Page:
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The Last Days Of Blind Melon’s Shannon Hoon Subject Of New Documentary ‘All I Can Say’

“I like, really need to get off that fucking bus.”

Those were among the final words captured on film by Blind Melon singer Shannon Hoon, who perpetually filmed himself from 1990 until hours before his death in 1995. Hoon died from complications of a drug overdose at 28 years old.

The film All I Can Say, distributed by Oscilloscope Laboratories, captures Blind Melon’s meteoric rise to fame and eventual decline, as singer Shannon Hoon attempts to make sense of the world around him. Shannon’s estate supplied filmmakers with thousands of hours of footage from his archives that captured the innermost thoughts of a rockstar who, at times, struggled with the life he chose and the temptations that followed.

Hoon moved from a small town in Indiana to Los Angeles, where he would soon meet friends who later would become bandmates. Their journey would quickly take them to Capital Records, where they signed their record deal on top of the iconic building, all captured by Hoon’s camera.

Throughout the film, Hoon talks about his problem with alcohol and other substances, abstaining from them while the band worked on the first album.

Fans referred to the Blind Melon singer as an extra member of Guns N’ Roses. He was seen in the film spending time with frontman Axl Rose in the studio, and later, delivering a pizza to the band on stage while nude. All I Can Say is not all tragic, there were moments of bliss, often linked to the presence of his high school sweetheart, Lisa. Hoon seemed to resent the fame that followed him everywhere, later preferring the small-town life of Indiana to the hotel suitcase lifestyle he led on the road.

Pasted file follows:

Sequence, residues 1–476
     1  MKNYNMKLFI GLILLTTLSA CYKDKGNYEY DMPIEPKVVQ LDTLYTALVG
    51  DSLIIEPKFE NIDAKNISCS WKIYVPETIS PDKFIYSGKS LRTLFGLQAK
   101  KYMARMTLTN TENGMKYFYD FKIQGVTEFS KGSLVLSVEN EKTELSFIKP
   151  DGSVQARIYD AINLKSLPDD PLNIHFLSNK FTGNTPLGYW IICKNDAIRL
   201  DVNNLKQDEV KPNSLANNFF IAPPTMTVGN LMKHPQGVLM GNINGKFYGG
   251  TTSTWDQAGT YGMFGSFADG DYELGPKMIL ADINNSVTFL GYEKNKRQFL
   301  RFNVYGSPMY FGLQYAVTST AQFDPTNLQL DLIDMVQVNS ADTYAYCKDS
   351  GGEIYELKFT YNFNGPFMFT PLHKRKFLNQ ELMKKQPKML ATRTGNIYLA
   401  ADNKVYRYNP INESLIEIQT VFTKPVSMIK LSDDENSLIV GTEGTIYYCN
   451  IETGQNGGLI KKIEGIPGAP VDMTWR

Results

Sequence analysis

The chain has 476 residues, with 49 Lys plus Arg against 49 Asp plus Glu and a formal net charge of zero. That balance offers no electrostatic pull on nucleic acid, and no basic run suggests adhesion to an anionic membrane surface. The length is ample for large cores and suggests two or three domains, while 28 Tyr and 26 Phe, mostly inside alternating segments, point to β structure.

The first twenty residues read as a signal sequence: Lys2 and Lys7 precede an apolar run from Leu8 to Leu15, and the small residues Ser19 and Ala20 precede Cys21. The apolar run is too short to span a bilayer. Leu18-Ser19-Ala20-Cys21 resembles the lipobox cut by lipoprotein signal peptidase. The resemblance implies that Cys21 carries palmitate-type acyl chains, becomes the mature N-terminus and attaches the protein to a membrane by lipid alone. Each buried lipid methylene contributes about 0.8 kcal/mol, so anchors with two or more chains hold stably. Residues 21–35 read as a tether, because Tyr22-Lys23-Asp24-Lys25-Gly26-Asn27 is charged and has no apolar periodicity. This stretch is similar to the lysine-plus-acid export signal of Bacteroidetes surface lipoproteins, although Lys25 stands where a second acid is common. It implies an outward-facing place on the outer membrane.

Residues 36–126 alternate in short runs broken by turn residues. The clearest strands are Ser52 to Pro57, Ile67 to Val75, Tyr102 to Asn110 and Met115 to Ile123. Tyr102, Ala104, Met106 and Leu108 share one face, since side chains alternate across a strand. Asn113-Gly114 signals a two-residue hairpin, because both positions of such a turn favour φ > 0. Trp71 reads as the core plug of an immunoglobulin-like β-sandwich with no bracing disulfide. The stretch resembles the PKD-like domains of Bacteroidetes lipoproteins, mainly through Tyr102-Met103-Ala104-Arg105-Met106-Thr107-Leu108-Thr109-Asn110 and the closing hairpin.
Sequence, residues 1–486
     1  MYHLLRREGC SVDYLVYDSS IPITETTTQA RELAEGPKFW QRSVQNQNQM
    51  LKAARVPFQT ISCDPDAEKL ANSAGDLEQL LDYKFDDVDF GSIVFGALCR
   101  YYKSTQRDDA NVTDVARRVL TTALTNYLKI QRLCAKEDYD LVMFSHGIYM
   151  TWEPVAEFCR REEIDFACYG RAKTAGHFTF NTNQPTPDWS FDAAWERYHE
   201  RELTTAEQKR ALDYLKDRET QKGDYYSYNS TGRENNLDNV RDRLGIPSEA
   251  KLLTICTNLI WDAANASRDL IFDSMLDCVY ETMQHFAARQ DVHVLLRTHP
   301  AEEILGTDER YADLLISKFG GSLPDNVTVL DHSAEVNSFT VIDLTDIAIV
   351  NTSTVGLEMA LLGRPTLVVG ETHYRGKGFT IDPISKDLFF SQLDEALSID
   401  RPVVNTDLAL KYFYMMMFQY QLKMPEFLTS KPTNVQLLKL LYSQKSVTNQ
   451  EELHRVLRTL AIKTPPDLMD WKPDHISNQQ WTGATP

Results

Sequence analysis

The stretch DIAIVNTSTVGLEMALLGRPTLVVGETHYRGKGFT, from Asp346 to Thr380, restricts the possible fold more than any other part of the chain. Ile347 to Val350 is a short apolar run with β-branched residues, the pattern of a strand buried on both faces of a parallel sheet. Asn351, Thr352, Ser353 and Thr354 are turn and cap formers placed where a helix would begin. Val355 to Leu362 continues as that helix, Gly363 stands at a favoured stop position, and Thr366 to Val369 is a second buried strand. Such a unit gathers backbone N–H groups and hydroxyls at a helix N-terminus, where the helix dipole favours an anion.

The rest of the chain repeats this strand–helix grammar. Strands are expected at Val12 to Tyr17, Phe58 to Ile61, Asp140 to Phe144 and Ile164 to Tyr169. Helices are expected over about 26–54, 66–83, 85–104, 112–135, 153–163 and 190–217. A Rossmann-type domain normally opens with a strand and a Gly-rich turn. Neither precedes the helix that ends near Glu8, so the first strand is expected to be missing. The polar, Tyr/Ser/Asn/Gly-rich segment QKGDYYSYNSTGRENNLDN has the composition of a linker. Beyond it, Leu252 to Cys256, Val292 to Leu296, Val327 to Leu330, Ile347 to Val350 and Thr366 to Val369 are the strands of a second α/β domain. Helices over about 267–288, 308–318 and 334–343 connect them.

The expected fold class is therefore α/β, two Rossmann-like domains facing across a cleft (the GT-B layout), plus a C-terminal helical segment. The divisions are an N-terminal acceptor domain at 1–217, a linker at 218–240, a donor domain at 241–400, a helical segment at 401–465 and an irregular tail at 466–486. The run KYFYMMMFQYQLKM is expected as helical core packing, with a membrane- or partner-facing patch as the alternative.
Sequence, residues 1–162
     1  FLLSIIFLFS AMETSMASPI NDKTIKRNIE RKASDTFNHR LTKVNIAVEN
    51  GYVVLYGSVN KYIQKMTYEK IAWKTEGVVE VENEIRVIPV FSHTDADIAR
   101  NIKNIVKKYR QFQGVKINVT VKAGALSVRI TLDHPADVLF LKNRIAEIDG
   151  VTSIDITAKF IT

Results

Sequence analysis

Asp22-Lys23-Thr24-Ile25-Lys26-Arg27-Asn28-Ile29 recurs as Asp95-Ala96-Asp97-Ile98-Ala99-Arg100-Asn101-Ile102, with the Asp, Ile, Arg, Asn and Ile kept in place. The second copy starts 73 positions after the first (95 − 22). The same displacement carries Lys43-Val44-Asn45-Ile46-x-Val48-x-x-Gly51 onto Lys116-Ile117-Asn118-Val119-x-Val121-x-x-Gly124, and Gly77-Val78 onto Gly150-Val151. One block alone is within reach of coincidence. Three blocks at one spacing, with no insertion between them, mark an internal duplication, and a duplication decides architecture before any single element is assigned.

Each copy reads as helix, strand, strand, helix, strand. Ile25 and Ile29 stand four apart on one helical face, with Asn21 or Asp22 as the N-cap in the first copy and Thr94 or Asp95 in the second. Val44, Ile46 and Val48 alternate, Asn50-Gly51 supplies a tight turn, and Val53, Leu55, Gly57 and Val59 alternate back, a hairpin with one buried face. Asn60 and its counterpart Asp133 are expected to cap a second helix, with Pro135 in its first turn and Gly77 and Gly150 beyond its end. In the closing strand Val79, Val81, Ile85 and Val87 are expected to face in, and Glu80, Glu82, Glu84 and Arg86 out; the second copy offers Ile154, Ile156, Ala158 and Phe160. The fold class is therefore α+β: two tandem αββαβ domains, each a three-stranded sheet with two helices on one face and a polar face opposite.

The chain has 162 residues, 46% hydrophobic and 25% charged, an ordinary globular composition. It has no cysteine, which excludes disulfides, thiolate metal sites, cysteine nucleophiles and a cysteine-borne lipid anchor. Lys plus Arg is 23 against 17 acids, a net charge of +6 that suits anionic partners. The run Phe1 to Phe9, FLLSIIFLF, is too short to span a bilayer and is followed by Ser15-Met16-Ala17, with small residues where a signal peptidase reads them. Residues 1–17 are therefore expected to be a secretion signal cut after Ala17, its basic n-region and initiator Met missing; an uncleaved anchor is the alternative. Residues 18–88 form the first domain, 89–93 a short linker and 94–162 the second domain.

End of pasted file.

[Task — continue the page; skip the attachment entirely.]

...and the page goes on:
After the band’s breakout success with their platinum-certified eponymous debut, things quickly became complicated for Hoon. His life became compartmentalized into two different frames. Hoon’s life of excess on tour seemed to deplete his soul, while his life at home with his family and his newborn daughter seemed to be when he was at his best. By the end of the film, it became clear that Hoon was unhappy with his current situation but unable to escape a career that provided for his family.

All I Can Say provides a remarkable window into the mind of a small-town boy from Indiana thrust into a position that few people could ever understand. 

This film is a cautionary tale for musicians looking to reach the highest mountain top in the entertainment industry. At one point in the movie, Hoon discusses how he spent years chasing his dream in Blind Melon, only later to learn that the result wouldn’t make him any happier. 

Hoon was visibly unhappy in his later years with the band leading up to his death and seemed like a completely different person when he was with his family and daughter. The death of Nirvana singer Kurt Cobain, which is chronicled in the film, seemed to weigh on Shannon particularly hard.

After the band’s breakout success with their debut album, their second album ‘Soup’ failed to deliver the same success for the group. The film showed Hoon working on the band’s third and final album in New Orleans, a city he said “brings out the mental monsters”.

Shannon Hoon was later found deceased in that town. He was just 28 years old. The rock and roll lifestyle became a cliche in the 90s, often celebrated, but the tragic death of Blind Melon’s Shannon Hoon reminds us that there are consequences to that lifestyle and they’re far-reaching.

This film is a window into a time where rock music ruled the world. That may never happen again.

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